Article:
Because the thyroid gland is located in the neck, potential complications of surgery or an aggressive tumor include permanent nerve damage, voice changes, spread of the cancer (metastasis), need for lifelong hormone therapy, and more.
For most people, the risk of life-threatening Janumet thyroid cancer complications is low. Janumet has only been linked to a couple cases of thyroid cancer, and fewer than 1% of people who get thyroid cancer have highly-aggressive anaplastic thyroid cancer.
Janumet works by influencing a hormone called GLP-1. Other anti-diabetes drugs that influence GLP-1 (such as liraglutide) have been linked to proliferation of cancerous thyroid C-cell tumors, which is a risk factor for medullary thyroid cancer. This is a slow-growing thyroid cancer that can usually be removed surgically before it causes serious complications.
The most serious Janumet thyroid cancer complication is spread of the cancer to other tissues (metastasis). Thyroid cancer can potentially metastasize to the lungs, bones, lymph nodes, and more.
Thyroid cancer surgery complications can be very severe, because the thyroid gland is located on the lower-front part of the neck. Aggressive tumors can grow into the windpipe, voice box (larynx), nerves, blood vessels, and more. These tumors are very difficult to remove. Fortunately, most thyroid cancers are diagnosed early enough that they can be removed completely with surgery. If surgery requires removal of hormone-producing thyroid cells, thyroid cancer complications may include hormone deficiencies. The patient may need to take hormone supplements to help regulate metabolism and calcium levels in the blood.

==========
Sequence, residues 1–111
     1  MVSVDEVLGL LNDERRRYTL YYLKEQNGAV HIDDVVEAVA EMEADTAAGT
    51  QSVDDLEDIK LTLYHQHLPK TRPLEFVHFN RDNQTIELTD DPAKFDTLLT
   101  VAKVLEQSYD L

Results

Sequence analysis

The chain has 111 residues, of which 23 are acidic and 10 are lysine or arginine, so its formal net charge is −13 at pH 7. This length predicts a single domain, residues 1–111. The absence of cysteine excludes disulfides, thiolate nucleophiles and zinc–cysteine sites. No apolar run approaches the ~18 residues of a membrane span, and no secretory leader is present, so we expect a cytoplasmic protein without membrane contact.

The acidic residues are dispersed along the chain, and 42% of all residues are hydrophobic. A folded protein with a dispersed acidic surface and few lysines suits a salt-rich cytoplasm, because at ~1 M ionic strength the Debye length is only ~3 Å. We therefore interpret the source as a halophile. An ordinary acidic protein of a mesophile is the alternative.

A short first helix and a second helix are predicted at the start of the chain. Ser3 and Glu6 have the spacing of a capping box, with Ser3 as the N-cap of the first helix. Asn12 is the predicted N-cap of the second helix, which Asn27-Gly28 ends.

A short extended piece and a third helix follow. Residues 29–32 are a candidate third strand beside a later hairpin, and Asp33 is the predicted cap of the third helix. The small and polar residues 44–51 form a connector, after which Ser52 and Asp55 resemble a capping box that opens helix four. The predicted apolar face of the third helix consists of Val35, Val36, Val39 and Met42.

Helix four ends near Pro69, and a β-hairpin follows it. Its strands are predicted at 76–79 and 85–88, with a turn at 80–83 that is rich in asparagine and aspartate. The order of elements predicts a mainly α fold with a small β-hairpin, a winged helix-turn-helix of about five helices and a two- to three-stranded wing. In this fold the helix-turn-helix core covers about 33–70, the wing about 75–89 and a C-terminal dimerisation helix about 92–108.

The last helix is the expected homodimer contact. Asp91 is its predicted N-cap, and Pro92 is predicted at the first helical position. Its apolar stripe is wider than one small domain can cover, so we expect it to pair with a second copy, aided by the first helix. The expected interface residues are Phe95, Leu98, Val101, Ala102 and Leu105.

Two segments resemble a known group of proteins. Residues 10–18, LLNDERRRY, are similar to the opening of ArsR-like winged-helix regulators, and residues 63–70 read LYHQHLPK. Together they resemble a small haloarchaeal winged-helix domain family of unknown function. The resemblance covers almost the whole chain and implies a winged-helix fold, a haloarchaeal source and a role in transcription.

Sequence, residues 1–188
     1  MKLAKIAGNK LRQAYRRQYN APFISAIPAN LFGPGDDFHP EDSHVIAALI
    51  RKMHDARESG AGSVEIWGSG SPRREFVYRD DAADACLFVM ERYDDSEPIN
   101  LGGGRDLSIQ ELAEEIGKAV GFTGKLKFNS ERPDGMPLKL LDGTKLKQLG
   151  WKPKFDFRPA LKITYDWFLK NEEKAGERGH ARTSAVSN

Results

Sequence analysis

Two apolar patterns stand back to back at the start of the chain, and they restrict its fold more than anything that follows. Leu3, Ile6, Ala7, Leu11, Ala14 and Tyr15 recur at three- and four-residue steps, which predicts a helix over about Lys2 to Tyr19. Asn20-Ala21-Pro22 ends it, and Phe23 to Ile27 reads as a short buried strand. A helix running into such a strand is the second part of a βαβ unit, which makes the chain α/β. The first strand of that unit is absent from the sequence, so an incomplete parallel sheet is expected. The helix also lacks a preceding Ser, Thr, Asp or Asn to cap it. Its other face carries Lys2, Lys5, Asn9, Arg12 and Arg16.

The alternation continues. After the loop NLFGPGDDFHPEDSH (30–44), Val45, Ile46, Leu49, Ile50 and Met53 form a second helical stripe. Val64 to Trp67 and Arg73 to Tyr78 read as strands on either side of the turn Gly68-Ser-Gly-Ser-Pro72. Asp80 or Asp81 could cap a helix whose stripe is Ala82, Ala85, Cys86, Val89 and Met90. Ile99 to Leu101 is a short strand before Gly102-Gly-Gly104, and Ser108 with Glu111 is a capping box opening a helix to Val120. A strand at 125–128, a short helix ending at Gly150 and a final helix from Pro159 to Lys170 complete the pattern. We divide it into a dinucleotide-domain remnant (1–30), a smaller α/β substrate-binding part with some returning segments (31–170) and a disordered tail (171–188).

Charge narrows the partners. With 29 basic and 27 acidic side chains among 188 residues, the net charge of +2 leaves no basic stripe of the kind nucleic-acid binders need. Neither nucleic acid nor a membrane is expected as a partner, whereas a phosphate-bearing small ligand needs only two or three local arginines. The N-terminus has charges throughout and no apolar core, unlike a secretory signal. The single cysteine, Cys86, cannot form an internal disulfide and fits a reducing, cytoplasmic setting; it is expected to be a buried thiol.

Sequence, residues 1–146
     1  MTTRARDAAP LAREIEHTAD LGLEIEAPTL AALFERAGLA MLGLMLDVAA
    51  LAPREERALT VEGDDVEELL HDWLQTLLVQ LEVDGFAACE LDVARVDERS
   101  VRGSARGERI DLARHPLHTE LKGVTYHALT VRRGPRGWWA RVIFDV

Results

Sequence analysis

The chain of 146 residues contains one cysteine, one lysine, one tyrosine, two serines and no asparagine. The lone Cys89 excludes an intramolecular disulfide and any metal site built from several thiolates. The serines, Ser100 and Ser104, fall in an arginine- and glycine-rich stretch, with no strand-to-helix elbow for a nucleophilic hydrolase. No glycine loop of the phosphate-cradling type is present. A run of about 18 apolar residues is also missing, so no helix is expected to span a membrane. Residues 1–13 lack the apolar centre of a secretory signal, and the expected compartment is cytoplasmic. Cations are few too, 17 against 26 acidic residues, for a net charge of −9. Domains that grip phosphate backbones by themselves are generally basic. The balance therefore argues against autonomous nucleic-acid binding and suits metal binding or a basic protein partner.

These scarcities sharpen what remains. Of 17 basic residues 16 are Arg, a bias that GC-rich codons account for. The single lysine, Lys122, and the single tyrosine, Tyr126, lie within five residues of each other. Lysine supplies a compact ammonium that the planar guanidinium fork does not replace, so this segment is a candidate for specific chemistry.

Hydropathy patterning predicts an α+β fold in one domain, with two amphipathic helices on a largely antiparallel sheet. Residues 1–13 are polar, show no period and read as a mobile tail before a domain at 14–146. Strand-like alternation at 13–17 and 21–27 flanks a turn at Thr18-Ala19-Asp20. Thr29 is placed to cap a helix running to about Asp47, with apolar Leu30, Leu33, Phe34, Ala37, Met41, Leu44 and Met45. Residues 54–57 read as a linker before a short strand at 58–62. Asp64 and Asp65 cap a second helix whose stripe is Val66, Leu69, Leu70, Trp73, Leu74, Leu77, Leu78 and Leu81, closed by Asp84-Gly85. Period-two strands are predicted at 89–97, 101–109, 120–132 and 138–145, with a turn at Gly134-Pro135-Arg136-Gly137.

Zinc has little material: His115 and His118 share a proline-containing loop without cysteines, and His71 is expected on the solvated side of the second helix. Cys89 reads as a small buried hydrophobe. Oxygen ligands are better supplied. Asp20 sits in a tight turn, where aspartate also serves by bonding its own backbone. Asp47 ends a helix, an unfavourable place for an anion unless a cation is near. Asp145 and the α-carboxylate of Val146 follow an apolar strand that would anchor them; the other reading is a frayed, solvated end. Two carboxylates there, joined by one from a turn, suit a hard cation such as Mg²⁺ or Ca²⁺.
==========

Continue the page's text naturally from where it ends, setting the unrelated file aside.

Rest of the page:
Janumet thyroid cancer complications include damage to the voice box (larynx) during surgery, which can cause:
- Changes in tone of voice
- Decreased speaking ability
- Need to take many breaths while speaking
- Permanently quiet or “breathy” voice
- Breathing that is noisy or wheezing
- And more
Return of Thyroid Cancer
Despite surgery, another Janumet thyroid cancer complication is return of the cancer. Even if the thyroid gland is entirely removed, cancerous cells can travel to other parts of the body and cause malignancies. Thyroid cancer can also return in parts of the thyroid gland that are left behind after surgery, or in lymph nodes in the neck.